Tacoma Demands Return of Documents Proving Surveillance of Antiwar Activists

Military Base Employee Recruited to Spy on Protesters

An attorney for the city of Tacoma, Washington is demanding that a resident return public records he was given which prove that the city police were surveilling antiwar activists, saying that the information should never have been released to the public.

The documents were public records related to the city’s recruitment of a Mr. John Towery, an employee at the nearby Joint Base Lewis-McChord, to conduct surveillance against the protesters and collect personal information regarding them.

The records show the city of Tacoma had collected names, photographs, addresses and even social security numbers for a number of people that were believed to be active in the local opposition to the ongoing Iraq War.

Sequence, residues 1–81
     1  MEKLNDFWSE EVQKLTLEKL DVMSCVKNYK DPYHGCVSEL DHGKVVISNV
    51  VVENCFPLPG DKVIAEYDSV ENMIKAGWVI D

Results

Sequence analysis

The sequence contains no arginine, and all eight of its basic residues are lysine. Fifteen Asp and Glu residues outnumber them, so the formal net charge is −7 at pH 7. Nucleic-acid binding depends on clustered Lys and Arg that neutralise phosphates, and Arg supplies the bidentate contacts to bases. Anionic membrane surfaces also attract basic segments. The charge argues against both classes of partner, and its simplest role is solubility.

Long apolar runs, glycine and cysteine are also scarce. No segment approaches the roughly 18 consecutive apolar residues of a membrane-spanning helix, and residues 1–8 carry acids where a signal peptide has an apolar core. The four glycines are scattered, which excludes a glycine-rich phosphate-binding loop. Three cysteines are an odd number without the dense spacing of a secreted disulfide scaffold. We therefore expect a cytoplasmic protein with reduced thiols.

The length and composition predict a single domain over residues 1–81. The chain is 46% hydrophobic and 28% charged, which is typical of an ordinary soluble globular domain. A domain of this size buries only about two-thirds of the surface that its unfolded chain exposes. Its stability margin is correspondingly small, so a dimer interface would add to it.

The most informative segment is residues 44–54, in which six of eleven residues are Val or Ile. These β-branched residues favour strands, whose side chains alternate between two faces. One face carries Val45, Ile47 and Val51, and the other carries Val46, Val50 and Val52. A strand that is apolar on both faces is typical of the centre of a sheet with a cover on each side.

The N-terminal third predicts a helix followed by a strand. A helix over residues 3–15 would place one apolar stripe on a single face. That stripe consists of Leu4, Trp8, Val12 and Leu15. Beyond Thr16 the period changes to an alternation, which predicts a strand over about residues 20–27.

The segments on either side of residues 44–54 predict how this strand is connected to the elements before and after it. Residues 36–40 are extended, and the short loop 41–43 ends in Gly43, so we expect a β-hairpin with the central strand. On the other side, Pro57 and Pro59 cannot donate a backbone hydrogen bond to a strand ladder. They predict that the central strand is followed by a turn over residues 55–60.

The city’s lawyer argues that the records should have been redacted to remove the names of the citizens spied on, but the organization that was chiefly targeted, the Olympia Port Militarization Resistance, is using the documents as part of a federal lawsuit against Towery and the military base itself, arguing that the surveillance violated bans on using federal grants to law enforcement agencies to spy on political dissidents and may have violated the Posse Comitatus Act by the use of Towery, an employee at a military base, for law enforcement activities against civilians.

Author: Jason Ditz

Jason Ditz is Senior Editor for Antiwar.com. He has 20 years of experience in foreign policy research and his work has appeared in The American Conservative, Responsible Statecraft, Forbes, Toronto Star, Minneapolis Star-Tribune, Providence Journal, Washington Times, and the Detroit Free Press.